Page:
Roaring success of tiger reserve
Mark Nicholls visits one of India's tiger reserves and comes face to face with the country's famous big cats – then samples the city bustle of New Delhi.
As the early morning train pulls into the small halt of Umaria, you find yourself in the heart of India. Few passengers descend into the semi-darkness after the overnight journey from New Delhi, where the contrast from the capital to this small, remote and rural community in Madhya Pradesh where life has changed little in decades, could not be greater.
It is quiet and the air is fresh as the road meanders away from the town and out into the countryside – into tiger country.
Barely 5.30am, the sun is just coming up and farmers are already at work in the fields, harvesting their crops by hand. Cows wander aimlessly across the road, while within the trees black faced langur monkeys sit, their eyes sharp and expressions alert, seemingly in search of mischief.
I was on my way to Bandhavgarh National Park and Tiger Reserve, which while not India's largest or most famous, has a reputation as one of the best places on the sub-continent to see tigers. And I was soon to find out why.
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As we entered the expanse of the park, but still on the main road en route to the Syna Tiger Resort and my home for the next few days, the driver suddenly slowed, beckoned to a halt by a wiry man on a bike. As he winds down the window, the cyclist whispers 'tiger.'
I could feel the tension in the air; this was unexpected on my routine transfer from railway station to resort.
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But within the trees there is movement, the unmistakeable orange, black and white stripes of a large male tiger, padding towards the roadside and then, without looking up, cross slowly in front of the vehicle. A beautiful, stunning early morning sight – seeing a tiger even before I'd checked in! And then, he was away back into the undergrowth, unchallenged in his natural domain.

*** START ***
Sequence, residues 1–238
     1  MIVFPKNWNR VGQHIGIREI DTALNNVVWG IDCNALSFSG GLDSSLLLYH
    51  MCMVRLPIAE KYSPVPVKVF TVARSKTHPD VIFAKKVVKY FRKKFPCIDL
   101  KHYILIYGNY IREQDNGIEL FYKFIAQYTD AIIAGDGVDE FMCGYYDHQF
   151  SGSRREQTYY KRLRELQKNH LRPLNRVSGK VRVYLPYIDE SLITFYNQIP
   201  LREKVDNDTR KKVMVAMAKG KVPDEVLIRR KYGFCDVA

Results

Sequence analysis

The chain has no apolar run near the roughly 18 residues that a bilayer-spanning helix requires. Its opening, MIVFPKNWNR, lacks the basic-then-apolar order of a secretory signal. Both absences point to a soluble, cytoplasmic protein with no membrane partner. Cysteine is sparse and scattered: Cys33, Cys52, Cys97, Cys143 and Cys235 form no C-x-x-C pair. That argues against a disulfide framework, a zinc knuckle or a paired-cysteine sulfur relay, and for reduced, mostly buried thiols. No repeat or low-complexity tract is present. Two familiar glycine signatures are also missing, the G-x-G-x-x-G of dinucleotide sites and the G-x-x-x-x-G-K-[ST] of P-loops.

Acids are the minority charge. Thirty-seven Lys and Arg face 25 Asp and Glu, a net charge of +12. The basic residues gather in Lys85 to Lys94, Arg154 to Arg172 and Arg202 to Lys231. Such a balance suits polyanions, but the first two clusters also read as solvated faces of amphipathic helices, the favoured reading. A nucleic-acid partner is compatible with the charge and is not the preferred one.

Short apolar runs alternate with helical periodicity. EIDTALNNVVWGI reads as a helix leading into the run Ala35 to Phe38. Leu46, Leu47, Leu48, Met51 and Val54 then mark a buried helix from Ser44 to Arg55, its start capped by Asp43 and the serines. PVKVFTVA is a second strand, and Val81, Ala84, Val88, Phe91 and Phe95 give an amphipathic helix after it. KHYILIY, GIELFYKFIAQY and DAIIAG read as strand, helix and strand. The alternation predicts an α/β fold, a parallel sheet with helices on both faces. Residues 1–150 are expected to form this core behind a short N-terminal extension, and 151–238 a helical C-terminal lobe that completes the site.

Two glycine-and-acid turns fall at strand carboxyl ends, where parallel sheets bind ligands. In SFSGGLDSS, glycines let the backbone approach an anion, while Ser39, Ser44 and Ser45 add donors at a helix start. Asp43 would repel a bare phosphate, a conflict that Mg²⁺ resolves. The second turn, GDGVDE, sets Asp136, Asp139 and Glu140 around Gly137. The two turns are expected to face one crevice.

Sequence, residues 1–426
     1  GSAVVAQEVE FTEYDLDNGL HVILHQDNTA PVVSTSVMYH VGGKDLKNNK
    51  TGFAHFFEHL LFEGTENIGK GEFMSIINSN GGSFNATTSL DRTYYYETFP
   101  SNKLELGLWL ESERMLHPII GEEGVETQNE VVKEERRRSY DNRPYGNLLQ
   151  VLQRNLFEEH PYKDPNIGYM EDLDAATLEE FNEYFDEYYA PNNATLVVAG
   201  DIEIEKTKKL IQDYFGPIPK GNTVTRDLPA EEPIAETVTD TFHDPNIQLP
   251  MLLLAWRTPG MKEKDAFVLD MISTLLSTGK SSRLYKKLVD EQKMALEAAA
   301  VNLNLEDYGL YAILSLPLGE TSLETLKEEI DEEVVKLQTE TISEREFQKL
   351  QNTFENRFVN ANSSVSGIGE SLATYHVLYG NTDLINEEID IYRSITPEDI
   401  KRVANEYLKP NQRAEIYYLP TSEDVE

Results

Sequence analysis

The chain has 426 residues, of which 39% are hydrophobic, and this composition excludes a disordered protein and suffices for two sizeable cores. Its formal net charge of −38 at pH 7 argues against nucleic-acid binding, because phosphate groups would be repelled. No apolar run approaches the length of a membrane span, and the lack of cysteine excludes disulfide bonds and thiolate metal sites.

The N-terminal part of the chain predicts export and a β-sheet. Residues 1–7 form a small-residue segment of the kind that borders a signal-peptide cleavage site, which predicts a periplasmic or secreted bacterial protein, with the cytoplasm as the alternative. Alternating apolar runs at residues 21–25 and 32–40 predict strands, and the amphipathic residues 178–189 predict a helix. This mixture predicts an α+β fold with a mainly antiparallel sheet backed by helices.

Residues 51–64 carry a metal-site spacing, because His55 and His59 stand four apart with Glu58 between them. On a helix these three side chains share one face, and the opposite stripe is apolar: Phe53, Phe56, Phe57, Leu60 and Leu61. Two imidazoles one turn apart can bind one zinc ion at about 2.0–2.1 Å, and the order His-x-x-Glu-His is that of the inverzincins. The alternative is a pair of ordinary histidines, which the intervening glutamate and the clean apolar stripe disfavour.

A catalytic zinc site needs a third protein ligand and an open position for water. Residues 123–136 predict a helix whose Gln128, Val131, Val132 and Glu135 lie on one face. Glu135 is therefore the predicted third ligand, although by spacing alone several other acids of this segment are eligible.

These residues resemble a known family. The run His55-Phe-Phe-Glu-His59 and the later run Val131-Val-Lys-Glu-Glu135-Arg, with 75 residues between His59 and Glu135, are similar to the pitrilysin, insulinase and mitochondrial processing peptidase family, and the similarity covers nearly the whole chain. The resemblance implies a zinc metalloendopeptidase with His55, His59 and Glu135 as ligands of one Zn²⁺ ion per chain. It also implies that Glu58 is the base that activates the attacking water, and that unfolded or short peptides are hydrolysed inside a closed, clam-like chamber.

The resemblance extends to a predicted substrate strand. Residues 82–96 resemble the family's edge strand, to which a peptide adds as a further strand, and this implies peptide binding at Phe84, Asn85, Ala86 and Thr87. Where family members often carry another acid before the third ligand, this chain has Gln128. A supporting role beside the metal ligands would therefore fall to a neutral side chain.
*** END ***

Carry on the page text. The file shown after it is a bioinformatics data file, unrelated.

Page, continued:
Soon after arriving at the resort, Syna's resident naturalist Ajay Ghale explains: 'This is probably the best reserve in India for sightings of tigers. After a safari, the question is not 'did you see at tiger', but more a case of 'how many tigers did you see'.'
As guests returned from three-hour tiger safaris, that was clearly the case; all had seen one or more tigers, and in different locations, often observing them for quite long periods.
There are about 60 tigers in the reserve's four main areas and they are highly visible and while Bandhavgarh is one of the smaller tiger reserves in India – when compared to Corbett Tiger Reserve in Uttarakhand or Ranthambhore National Park in Rajasthan – it offers great opportunities to see tigers in the wild at close quarters because of its open, undulating forest terrain and visible watering holes.
Venturing out early the next morning on a jeep, we sweep along the dusty forest route, pausing to look at tracks – the footprints of tigers heading in our direction of travel. The guides interpret the sights and sounds of the jungle, the warning calls of monkeys and samba deer and the flight of birds while constantly keeping a sharp eye out for the tiger.
Round a bend in the track, the driver pauses and then eases to a halt. Less than 50 feet from the roadside, a beautiful female tiger rises, glances behind and then walks slowly into the undergrowth. It is a remarkable, exhilarating, and a truly memorable sight.
'When people talk of Bandhavgarh, they talk of tigers,' Ajay explained, 'because the chance of seeing a tiger at Bandhavgarh is so much higher.
'That is to do with the topography of the forest – it is open, rocky and not so dense so wherever the tigers are, it is possible to see them as they move. There is perhaps a 70pc chance of seeing a tiger on a safari at Bandhavgarh, whereas at Corbett where there are 200 tigers, it may only be 40pc.'
Visitors can also see bear, various bird life such as the Changeable Eagle, vultures, peacocks, or the Indian Roller, and deer including samba, spotted and Indian gazelle.
By 9am, the sun – and temperature - is rising and the jungle goes quiet as the animals retreat to shade. The chances of further sightings diminish so we retreat to the Syna Tiger Resort where breakfast is ready and then relax by the pool out of the heat of the day before returning to the forest for an early evening safari when the tigers again emerge.